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Cute fishing villages. Sprawling beaches. Quirky buildings. Lobster pots and fish and chips. These are the things visitors expect from a weekend in the East Neuk of Fife. What they don't expect to see is somewhere that can bring you back down to earth while feeding their senses with incredible, modern experiences but without the masses.

Often regarded as one of Scotland's most beautiful areas, the East Neuk is scattered with iconic harbour villages, golden beaches, sea views, historical ruins and a network of stunning pathways. But for those looking to step beyond the trodden visitor path, we have a few recommendations for how to spend a weekend in this hidden gem.

If it's head space you're needing, Elie Seaside Sauna - perched on the dunes at Elie Harbour - provides an off-grid escape perfect for a digital detox or just a relaxing place to chat with friends. The sauna is angled towards the setting sun and the full-length glass side overlooks the marram grass of the dune, over to Elie beach and beyond. Heavenly.

You may have enjoyed your fair share of fish and chips by the beach, but have you tried the toasties from the Cheesy Toasty Shack at Kingsbarns Beach? Open at weekends, their signature cheese toasties warm the soul and have become a local staple for dog walkers and wild swimmers alike.

Next door to Kingsbarns Beach is the magical Cambo Estate and if you're lucky enough to visit in January, the Snowdrop Festival is a must. The estate offers enough activities to fill a day trip, between the cafe, gardens, woodland walks, golf course and tours of the their Kingsbarns Distillery and Visitor Centre.

A favourite hang-out for our Cow Shedders is the wondrous Bowhouse market, open on Saturdays and Sundays and hosts a wide selection of local food and drinks makers all under one covered roof. The market is free to enter and is always bustling with locals and visitors alike, pulling in a range of traders from local fruit and veg farmers, to charcuteries, smoked fish, artisan bakers, coffee roasteries and a menagerie of cakes and condiments. We are yet to leave empty handed.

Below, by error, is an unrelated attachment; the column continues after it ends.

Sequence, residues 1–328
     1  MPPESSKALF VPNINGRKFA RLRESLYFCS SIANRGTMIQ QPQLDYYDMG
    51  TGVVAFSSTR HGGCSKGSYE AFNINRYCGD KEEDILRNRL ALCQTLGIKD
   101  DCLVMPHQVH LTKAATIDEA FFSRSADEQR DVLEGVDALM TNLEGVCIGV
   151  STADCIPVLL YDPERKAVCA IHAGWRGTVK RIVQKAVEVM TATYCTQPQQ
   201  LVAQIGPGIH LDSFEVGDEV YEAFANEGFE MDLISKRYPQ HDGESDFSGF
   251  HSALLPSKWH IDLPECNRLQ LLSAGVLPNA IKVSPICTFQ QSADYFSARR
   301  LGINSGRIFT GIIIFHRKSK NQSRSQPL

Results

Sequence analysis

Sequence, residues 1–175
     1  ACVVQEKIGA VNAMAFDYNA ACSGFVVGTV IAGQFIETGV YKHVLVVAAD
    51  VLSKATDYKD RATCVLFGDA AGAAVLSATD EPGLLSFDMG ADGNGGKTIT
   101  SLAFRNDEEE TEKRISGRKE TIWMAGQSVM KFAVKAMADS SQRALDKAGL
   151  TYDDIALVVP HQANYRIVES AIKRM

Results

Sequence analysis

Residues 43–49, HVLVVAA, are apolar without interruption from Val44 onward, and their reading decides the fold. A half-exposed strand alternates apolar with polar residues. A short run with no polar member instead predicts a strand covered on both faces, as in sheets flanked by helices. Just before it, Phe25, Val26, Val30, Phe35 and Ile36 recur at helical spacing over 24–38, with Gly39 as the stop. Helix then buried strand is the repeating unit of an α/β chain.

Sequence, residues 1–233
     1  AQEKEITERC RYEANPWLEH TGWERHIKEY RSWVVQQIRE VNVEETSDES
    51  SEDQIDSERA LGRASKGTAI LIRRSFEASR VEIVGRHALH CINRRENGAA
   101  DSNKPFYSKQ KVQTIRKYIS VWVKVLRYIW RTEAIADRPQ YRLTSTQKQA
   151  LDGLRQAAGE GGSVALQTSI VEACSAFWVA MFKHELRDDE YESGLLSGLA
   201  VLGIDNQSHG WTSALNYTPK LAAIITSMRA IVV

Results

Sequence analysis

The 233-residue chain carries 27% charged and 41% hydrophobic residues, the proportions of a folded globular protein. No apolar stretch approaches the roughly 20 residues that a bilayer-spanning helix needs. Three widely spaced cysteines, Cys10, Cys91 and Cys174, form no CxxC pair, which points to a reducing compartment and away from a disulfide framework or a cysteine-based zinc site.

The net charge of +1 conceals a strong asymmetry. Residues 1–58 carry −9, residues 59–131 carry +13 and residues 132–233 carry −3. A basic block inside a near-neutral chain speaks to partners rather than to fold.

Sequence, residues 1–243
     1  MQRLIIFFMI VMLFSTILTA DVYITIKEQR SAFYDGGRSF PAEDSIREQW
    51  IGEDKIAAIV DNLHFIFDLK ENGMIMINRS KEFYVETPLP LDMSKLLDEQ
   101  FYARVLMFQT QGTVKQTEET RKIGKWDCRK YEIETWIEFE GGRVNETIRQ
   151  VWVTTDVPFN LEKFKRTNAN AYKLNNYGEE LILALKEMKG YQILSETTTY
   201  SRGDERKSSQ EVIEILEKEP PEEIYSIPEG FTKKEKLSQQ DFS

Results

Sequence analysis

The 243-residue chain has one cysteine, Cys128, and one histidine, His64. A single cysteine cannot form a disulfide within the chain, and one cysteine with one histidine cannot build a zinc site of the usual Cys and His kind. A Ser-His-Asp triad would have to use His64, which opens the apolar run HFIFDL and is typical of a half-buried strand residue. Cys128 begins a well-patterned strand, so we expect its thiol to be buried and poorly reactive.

We can't talk about local food without coming back to fish, and for those after a really exciting sit-in or takeaway option we recommend visiting East Pier in St Monans. It's a rustic experience - takeaway food is served in cardboard boxes and cutlery is made available for anyone 'desperate for such fripperies'. But you need to read the menu to get a real sense of what's in store. With 'fresh local lobster made by someone who cares' and 'whole seabass, hot-smoked until the skin is the colour of tarnished bronze' it's a little wonder this is the place everyone's talking about.

If your visit isn't just about food and drink and hanging out at the beach, the Fife Coastal Path provides 63 miles of epic coastal walks (from Kincardine in the Firth of Forth to Newburgh in the Firth of Tay) which takes roughly 5 days to complete. Fortunately, there are plenty of fishing villages and towns where you can stop off and and rest your weary legs. Feel free to pick our brains about where to eat and drink along the coastal path and we'll do our best to find you a hidden gem.

Thinking about this area, 'Neuk' is the Scots word for nook or corner, but there's no feeling that anyone wants to get out of Fife's famous corner. On the contrary, everyone is trying to get in and we know exactly why!

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